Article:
By Clark Frauenglass
September 5, 2015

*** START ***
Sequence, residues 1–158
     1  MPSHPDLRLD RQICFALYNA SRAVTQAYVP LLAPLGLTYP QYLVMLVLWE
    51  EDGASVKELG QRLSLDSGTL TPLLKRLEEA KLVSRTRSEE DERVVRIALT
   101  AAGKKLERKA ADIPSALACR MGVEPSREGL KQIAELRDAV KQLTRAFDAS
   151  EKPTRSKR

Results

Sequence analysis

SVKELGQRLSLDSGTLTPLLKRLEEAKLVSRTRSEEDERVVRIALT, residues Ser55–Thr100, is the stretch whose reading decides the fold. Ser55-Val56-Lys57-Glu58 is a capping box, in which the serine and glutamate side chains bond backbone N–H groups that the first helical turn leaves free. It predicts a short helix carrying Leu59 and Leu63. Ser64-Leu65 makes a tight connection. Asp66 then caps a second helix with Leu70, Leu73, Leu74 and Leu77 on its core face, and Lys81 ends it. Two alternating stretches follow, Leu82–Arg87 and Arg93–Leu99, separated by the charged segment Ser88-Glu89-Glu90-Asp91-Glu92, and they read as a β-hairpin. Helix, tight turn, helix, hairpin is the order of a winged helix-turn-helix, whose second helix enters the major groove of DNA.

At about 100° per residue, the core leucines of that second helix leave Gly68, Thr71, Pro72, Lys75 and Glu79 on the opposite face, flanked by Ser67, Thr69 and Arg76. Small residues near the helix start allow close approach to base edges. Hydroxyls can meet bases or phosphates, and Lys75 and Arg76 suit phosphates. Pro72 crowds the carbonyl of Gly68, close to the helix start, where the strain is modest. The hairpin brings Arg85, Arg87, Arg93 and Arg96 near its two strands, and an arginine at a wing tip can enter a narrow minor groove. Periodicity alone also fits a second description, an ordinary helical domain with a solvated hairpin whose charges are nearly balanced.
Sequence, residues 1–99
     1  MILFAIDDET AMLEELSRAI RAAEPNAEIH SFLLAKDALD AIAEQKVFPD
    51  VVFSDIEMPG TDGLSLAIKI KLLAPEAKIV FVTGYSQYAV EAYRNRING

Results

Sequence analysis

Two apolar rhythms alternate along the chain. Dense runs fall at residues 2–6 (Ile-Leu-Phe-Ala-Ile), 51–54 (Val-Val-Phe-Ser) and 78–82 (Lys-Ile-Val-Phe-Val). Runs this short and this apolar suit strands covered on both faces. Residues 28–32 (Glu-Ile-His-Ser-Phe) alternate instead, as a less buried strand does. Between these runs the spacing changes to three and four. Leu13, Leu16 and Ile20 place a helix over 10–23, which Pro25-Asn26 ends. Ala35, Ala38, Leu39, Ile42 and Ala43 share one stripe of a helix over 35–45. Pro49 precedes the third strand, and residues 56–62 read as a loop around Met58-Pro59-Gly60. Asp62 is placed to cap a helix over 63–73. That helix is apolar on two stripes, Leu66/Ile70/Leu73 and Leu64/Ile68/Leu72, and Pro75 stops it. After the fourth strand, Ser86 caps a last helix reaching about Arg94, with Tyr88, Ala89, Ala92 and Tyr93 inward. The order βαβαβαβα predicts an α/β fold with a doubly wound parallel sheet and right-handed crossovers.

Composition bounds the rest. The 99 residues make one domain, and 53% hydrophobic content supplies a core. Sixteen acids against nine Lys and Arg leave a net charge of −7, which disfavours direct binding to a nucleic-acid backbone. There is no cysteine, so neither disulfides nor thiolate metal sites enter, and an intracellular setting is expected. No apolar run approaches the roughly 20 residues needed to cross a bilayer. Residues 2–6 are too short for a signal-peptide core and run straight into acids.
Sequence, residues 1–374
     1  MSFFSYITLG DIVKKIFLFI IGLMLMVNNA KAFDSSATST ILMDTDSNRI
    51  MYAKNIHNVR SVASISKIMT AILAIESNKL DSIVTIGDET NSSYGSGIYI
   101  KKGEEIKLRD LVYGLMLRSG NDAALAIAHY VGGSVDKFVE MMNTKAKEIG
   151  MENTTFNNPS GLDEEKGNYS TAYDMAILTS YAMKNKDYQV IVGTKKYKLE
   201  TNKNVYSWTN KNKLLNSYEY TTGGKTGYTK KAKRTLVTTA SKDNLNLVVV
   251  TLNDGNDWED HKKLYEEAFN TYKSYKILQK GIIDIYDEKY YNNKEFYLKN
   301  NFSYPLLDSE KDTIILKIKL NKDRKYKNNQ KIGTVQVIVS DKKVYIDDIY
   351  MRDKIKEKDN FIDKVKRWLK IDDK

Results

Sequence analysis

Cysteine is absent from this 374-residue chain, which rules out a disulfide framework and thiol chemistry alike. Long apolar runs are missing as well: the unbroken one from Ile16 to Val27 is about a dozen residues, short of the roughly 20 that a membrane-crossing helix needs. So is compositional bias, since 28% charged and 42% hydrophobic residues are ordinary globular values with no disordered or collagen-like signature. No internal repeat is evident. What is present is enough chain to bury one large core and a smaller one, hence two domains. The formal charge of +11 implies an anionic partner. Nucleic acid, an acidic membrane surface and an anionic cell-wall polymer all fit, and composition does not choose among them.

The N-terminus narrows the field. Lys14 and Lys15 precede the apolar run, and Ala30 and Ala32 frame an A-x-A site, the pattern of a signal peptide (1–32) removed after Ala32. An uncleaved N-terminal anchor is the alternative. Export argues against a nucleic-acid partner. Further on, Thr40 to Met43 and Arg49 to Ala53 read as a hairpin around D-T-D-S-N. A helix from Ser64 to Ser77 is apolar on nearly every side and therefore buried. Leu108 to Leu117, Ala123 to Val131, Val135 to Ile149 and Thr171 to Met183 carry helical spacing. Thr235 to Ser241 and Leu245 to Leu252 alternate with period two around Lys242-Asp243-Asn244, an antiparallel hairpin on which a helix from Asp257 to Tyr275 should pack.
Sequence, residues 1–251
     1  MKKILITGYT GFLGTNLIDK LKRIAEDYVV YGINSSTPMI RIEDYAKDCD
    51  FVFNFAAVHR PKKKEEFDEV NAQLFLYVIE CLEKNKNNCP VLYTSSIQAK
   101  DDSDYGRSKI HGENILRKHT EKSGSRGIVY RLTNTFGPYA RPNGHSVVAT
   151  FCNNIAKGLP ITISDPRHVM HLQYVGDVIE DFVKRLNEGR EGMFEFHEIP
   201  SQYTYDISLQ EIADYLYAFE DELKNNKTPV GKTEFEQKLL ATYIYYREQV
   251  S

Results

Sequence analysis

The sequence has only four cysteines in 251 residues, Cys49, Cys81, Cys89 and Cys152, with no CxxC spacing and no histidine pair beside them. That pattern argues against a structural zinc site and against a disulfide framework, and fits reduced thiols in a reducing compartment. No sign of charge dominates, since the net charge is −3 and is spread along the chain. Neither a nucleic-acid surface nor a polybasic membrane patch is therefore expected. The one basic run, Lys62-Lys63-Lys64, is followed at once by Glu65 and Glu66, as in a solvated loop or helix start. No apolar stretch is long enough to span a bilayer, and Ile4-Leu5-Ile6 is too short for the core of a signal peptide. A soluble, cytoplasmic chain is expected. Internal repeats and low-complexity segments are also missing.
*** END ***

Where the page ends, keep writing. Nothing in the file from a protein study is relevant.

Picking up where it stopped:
Four days in close proximity may have driven me a little crazy. Or maybe a lot crazy. Either way, first chance I got, I dragged my gear to the top of the nearest ridge. Straight up the steep, crumbling hillside, crawling on my hands and knees, hanging on to roots and clumps of grass, while my feet sent little avalanches of dirt and stones tumbling down below me. Okay, a lot crazy. I had to stop every ten feet to catch my breath, and my pack kept getting caught on branches and sharp boulders. Twice I almost overbalanced as a seemingly solid foothold gave way underneath me, and my pack dragged me away from the hillside. Then, all of a sudden, the ground leveled out, and I was standing in a clearing, on top of the ridge. I turned around and saw the whole valley spread out below me, tents dotted here and there throughout the meadow, and the arroyo carving it’s twisted path across the landscape and off into the distance. I pitched my tent and made camp, then began the precarious journey back down to basecamp. That’s when it started to dawn on me that this might be very tricky in the dark. Too late now. I made rock cairns to mark the path I took in the hopes they would guide me back later that evening. They didn’t. A constant stream of internal cussing accompanied every nighttime climb to bed, and every time I found my tent, I breathed a massive sigh of relief. Every morning, bleary eyed and stiff from sleep, I found new and exciting ways to roll down the hill to breakfast, trying to negotiate the crumbling hillside in the pre-dawn dark. But I didn’t move. Every night, lying there in my tent, I could hear the wind whipping around the valley for miles before it hit my tent. Every time a stronger gust passed by I would imagine it picking me up like a kite, tumbling me through the air. It was awesome.